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Fibromyalgia Symptoms



There are different ways to diagnose fibromyalgia. Most physicians will apply pressure in certain areas of the body to see if they are tender.

What if I have fibromyalgia?

Diagnosing fibromyalgia is achieved by the physician comparing the patient's symptoms to a criteria or by doing a “tender point” test. If 11 of the 18 connective tissue areas of the body are tender when pressure is applied, and no other explanation for this pain is found, then the person likely has fibromyalgia.

Other symptoms associated with fibromyalgia:

  • Sharp and aching pain in connective tissue areas
  • Fatigue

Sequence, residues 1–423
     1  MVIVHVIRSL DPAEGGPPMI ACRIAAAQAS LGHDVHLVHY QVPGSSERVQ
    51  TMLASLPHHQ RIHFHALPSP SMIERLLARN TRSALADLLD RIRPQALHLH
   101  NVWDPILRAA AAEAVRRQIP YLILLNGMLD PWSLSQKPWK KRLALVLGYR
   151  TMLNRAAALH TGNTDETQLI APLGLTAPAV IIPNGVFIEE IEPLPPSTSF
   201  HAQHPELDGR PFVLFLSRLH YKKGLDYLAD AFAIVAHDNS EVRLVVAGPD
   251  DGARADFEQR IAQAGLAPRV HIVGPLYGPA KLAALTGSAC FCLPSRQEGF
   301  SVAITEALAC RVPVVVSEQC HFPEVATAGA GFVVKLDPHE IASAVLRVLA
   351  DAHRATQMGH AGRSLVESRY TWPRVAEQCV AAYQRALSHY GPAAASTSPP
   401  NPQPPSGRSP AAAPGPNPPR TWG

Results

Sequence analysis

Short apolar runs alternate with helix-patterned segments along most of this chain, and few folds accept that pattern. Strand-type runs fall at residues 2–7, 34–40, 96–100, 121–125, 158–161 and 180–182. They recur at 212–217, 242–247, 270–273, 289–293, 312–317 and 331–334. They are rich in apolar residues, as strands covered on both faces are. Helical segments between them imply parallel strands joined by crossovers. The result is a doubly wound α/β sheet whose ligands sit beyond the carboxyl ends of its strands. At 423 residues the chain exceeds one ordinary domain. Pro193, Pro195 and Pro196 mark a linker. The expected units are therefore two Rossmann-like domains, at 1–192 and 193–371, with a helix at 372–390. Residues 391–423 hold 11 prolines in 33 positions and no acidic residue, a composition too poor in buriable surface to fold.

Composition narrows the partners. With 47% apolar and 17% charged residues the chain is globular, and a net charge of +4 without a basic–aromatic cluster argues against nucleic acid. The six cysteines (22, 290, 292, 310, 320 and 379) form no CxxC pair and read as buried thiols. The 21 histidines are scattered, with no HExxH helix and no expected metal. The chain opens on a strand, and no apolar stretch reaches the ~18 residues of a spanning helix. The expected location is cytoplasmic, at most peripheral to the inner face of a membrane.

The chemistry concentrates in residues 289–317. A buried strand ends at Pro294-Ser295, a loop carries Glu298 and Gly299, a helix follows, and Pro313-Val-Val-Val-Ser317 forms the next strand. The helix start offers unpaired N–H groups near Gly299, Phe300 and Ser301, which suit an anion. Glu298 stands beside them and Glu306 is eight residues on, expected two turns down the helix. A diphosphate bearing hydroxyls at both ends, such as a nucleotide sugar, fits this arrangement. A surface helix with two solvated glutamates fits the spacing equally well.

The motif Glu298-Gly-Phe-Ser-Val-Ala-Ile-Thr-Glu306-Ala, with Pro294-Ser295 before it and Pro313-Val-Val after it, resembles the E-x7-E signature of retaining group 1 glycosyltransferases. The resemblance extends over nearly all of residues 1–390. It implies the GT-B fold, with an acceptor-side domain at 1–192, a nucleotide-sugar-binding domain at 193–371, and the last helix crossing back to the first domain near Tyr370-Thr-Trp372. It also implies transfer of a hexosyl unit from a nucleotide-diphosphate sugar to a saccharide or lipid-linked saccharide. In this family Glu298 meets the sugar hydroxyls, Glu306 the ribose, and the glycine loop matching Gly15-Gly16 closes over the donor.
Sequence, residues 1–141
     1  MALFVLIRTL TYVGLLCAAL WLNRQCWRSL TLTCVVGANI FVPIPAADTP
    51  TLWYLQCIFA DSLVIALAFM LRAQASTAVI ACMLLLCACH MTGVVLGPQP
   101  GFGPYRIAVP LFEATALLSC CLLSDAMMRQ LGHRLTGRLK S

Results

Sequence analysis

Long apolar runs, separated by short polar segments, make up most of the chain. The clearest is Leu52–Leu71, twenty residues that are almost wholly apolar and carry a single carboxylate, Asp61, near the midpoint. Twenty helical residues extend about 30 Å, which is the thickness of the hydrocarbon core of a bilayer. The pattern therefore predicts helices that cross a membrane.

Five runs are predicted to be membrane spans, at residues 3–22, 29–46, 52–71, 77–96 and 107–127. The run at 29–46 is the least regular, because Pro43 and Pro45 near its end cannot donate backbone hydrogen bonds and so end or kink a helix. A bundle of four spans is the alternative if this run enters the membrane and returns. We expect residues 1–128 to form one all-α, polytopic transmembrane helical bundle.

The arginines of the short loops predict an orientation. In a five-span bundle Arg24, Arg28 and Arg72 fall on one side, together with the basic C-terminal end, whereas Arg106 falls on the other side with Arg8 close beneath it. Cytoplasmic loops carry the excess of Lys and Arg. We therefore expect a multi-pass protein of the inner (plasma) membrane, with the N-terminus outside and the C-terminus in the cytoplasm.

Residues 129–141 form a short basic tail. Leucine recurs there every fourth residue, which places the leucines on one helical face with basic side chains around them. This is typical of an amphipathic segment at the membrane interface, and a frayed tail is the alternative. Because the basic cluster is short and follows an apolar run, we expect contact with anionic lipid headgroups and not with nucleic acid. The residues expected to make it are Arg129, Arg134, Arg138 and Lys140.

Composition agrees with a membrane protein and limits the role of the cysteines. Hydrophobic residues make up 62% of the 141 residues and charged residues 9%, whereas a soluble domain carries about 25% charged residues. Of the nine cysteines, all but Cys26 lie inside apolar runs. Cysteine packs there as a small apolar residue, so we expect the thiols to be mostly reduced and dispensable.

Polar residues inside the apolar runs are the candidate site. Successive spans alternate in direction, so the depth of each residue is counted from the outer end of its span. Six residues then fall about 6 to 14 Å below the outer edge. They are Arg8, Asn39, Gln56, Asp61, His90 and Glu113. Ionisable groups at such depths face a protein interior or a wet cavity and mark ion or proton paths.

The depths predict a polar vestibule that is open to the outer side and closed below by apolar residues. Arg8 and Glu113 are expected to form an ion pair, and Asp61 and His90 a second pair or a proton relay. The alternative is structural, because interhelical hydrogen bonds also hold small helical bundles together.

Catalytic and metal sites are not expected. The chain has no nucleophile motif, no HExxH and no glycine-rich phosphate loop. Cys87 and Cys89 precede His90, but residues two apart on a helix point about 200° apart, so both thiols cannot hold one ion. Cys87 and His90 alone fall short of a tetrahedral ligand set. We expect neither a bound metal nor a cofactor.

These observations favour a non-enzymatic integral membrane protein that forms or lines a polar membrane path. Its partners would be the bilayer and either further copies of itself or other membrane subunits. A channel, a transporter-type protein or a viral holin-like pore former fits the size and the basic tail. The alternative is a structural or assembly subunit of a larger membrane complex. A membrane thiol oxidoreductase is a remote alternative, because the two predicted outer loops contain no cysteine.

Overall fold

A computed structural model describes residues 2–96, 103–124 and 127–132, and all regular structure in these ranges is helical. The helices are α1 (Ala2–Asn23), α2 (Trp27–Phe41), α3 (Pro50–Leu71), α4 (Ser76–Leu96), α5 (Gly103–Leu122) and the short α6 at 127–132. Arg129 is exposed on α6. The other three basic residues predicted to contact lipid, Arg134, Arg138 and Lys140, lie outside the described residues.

• Morning stiffness
  • Muscle twitches
  • Insomnia
  • Cognitive dysfunction
  • Fibro fog, a state of such limited thinking ability such that a person feels they are in a "fog"
  • Headaches
  • Sound sensitivity, light sensitivity, temperature sensitivity
  • Numbness in hands

Other biological abnormalities found in patients with fibromyalgia include disruptions in brain blood flow and stages 3 & 4 sleep disruptions (often unnoticed by the patients).

The information contained in these topics is not intended nor implied to be a substitute for professional medical advice. It is provided for educational purposes only. You assume full responsibility for how you choose to use this information. Always seek the advice of your physician or other qualified healthcare provider before starting any new treatment or discontinuing an existing treatment. Talk with your healthcare provider about any questions you may have regarding a medical condition. Nothing contained in these topics is intended to be used for medical diagnosis or treatment.

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